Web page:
I love fiber. The truth is, when I like something, I seem to have a deep and thorough appreciation. It’s not surprising that when it comes to yarn I am, by most people’s standards, a little over enthusiastic. I’ll be honest and admit that when I was a kid I thought all of my stuffed animals had a soul. In the same way, as an adult, I tend to look at different yarns and see their place and purpose. Even the cheapest acrylic yarns that one could get at Michael’s has some worthy purpose! While I have a hard time playing favorites, I do play games in which I ask myself things like “What are my top 5 favorite yarns?” and “If I was stuck on a deserted island and could only take one yarn to knit with, what would it be?” I’ve known my answer to that last question ever since I first knit with my Deserted Island yarn and I was recently surprised to see someone else refer to the same yarn as her own “desert island yarn.”
Arbor. Brooklyn Tweed Arbor is totally, absolutely and definitively my Deserted Island yarn. It is thoroughly delightful to me – from its concept and construction, to the way it feels on my hands as I knit with it, to how it feels when I wear it. I will never get tired of working with Arbor. Why?
Let’s start with its production. Arbor comes from sheep raised in the Montana and South Dakota. This particular breed of sheep is raised for its softness and durability. Milled and dyed in Maine, I love that this is an American made product from start to finish.
Arbor is a worsted-spun yarn with a lot of twist. This means that the fibers are round and springy, and feel like they are bouncing off your fingers and needles as you knit with it. When I knit with Arbor, I knit really fast and I feel like I could knit forever without any knitting fatigue – it almost feels like the yarn is having fun knitting away with me. It has beautiful stitch definition that lends itself nicely to textures and cable work. Of course this is an added plus since I love to cable and I love knitting in stitch patterns.
I have a couple sweaters and a hat made in Arbor – all that I’ve made. Particularly with the sweaters, these are the ones I tend to pack when I travel (as I pack sweaters sparingly since they take up tons of space in my luggage). Even in the summer, I love having one of these sweaters with me as it feels cool on the skin and seems to regulate my body temperature appropriately on a cool summer evening or a mid-day hike. By the way, wool is special in its ability to regulate body temperature: as body temperature rises wool transfers the heat long its fibers to cooler and dryer environments. These pieces have been incredibly durable, despite that I wear them a lot. They keep their shape and have been resilient against pilling and shedding.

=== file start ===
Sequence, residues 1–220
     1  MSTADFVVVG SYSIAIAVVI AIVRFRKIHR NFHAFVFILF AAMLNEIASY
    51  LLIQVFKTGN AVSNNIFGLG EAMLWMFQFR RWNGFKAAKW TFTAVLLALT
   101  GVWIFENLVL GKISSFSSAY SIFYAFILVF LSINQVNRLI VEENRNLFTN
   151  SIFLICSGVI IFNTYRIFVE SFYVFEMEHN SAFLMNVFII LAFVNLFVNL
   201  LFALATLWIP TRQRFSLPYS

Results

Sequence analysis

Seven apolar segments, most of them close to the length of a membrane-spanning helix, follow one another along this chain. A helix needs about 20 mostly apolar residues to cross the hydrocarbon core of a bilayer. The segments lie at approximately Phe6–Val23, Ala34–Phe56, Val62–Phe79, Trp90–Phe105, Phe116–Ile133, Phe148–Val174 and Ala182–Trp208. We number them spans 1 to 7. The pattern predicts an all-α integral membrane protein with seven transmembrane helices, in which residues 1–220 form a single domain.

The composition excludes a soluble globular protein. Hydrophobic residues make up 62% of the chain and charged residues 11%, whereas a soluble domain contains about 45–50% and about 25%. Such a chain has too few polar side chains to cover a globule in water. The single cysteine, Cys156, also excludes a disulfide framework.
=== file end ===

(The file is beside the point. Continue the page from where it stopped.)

Needless to say, there are countless projects that I want to knit in Arbor. Already having two wonderful pullovers, I’ve had Stacey Gerbman’s Kumon on my list since its release in late summer. This open, textured cardigan promises to be the sort of sweater I can effortlessly throw on over anything. Another lovely thing about this project is that it can help ambitious knitters learn and understand the concept of the brioche stitch without going all in. While the brioche stitch itself is easy and rhythmic, fixing mistakes in it is notoriously difficult. This is not the case with Kumon – which is half-brioche – you only do the brioche stitch every other row! All that said, Kumon will no doubt be a simple, relaxing and meditative knit – all amplified by the pleasure of working with Arbor.
The other sweater that was absolutely on my list is Tecumseh by Caitlin Hunter. One of our knitters (the awesomely talented Maggie) made her own in Arbor over the summer, and she inspired me to do the same. I’m going to change up my color combo a bit, but this sweater is a great example of how well Arbor performs doing colorwork!
Wallace is a great gift project. This textured scarf gets its look with a simple pattern of knits and purls. There are no fancy cables, just a little chart reading. Its texture is clean and angular, which it makes it particularly lovely as a men’s scarf.
Nolan and Foldlines are two textured, crewneck pullovers knit in Arbor that look particularly appealing to me. Easy shapes with distinctive lines mean they are great basics without being too basic.
Shear by Emily Greene is a hat (which can be knit as a beanie or watchcap), with strong angles that make for a thoroughly cool and modern lines.
Bevel is a mitered stitch scarf that allows you to play with color combinations and clean lines – again – another great piece for a man or a woman.
Another beauty is Svenson, a heavily cabled pullover. Originally written as a mens’ pattern, the sweater has just been reinterpreted so there are now versions for men and women. (The new women’s Svenson is part of the beautiful new Deep Fall collection from Brooklyn Tweed – more on that soon!)
We al have different needs and preferences in our knitting. Not just thinking about how beautiful the yarn is, but also considering how it feels to knit it, I’m so curious to hear about everyone else’s deserted island yarn! What are the qualities in that yarn that are important to you? Yarn lovers, let me know!
**We specifically decided to refer to this as a “deserted” island yarn – because several of us questioned whether we’d want to knit on a desert island.